Sometimes the only way Ward could get his cast and crew to a remote location was by helicopter in order to shoot on ice floes some 100 miles from the nearest community.
Ward has nothing but praise for his cast, but it's clear he cherishes especially his encounters with the Inuit who participated in the making of his film. "Some of them had never been out of the Arctic until we needed them for looping in Montreal, had never before seen a tree or a spider. One man was transfixed for over half an hour by a spider!
"We were filming a 104-year-old woman dancing a Scottish jig, which she had learned from the whalers. It took about an hour for her to warm up, to get up to speed. That evening she wandered about the village, which we had made to look like it was in the 1930s, with crate huts and mock sailing ships, and became convinced that she was walking around her own village of that time. We couldn't take her home; she insisted on spending the night there.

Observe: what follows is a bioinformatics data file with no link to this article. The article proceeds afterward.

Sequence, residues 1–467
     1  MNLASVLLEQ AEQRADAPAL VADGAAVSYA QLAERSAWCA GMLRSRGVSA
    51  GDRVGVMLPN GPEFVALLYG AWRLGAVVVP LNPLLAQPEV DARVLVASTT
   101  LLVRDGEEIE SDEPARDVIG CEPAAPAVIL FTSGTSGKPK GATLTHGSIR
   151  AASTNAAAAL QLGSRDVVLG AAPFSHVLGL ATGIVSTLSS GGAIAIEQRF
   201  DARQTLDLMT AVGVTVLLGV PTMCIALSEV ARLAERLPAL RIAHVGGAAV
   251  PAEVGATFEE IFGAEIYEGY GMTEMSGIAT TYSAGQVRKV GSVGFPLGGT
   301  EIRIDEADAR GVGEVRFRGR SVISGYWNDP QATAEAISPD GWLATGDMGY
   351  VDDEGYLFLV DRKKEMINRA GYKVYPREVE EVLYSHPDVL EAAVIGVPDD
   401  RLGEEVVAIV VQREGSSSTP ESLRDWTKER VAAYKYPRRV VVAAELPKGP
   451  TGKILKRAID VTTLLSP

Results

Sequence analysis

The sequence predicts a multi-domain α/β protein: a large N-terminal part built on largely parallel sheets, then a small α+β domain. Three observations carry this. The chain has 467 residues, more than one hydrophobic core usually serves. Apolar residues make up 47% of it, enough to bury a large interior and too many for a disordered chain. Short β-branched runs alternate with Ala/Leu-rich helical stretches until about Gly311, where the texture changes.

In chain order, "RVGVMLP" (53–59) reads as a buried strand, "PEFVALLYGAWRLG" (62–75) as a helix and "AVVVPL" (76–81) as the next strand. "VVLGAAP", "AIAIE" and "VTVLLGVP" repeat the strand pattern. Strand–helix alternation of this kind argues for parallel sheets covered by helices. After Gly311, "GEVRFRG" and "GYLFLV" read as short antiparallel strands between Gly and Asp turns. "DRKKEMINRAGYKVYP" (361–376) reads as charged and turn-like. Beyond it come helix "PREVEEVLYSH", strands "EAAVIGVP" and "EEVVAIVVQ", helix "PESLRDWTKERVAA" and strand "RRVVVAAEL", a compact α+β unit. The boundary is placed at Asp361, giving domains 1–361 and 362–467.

"Another woman, the one who plays Jason's grandmother, all her life wanted to be an actress--like Garbo, for instance--as she had been brought up on Hollywood films. Even though she had temporary snow blindness from the glare, which can be excruciatingly painful, she always smiled. She was so pleased that toward the end of her life she finally had the opportunity to act."